The Global Food and Agriculture Program aims to inform the development of US policy on global agricultural development and food security by raising awareness and providing resources, information, and policy analysis to the US Administration, Congress, and interested experts and organizations.

The Global Food and Agriculture Program is housed within the Chicago Council on Global Affairs, an independent, nonpartisan organization that provides insight – and influences the public discourse – on critical global issues. The Council on Global Affairs convenes leading global voices and conducts independent research to bring clarity and offer solutions to challenges and opportunities across the globe. The Council is committed to engaging the public and raising global awareness of issues that transcend borders and transform how people, business, and governments engage the world.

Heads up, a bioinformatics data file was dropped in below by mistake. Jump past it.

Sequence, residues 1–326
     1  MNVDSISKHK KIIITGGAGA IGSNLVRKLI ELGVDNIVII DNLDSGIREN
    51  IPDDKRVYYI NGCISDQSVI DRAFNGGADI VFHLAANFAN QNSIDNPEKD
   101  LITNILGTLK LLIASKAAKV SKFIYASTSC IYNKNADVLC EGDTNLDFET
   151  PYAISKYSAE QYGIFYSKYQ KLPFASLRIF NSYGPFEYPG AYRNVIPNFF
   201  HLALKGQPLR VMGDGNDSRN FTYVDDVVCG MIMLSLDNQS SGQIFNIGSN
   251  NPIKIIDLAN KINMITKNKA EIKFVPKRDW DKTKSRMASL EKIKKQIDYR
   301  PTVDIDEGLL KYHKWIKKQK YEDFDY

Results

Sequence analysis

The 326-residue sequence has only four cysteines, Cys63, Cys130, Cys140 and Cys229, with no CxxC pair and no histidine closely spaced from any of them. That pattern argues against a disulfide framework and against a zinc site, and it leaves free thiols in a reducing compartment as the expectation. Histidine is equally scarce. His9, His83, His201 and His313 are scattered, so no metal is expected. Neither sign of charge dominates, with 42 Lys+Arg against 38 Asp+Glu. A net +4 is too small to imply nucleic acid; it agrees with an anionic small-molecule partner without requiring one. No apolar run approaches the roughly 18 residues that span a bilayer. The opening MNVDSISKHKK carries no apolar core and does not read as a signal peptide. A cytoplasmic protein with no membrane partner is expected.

Support for the Global Food and Agriculture Program is generously provided by the Bill & Melinda Gates Foundation.

Blogroll

1,000 Days Blog, 1,000 Days

Africa Can End Poverty, World Bank

Agrilinks Blog

Bread Blog, Bread for the World

Can We Feed the World Blog, Agriculture for Impact

Concern Blogs, Concern Worldwide

Institute Insights, Bread for the World Institute

End Poverty in South Asia, World Bank

Global Development Blog, Center for Global Development

The Global Food Banking Network

Harvest 2050, Global Harvest Initiative

The Hunger and Undernutrition Blog, Humanitas Global Development

International Food Policy Research Institute News, IFPRI

International Maize and Wheat Improvement Center Blog, CIMMYT

ONE Blog, ONE Campaign

One Acre Fund Blog, One Acre Fund

Overseas Development Institute Blog, Overseas Development Institute

Oxfam America Blog, Oxfam America

Preventing Postharvest Loss, ADM Institute

Sense & Sustainability Blog, Sense & Sustainability

WFP USA Blog, World Food Program USA

Archive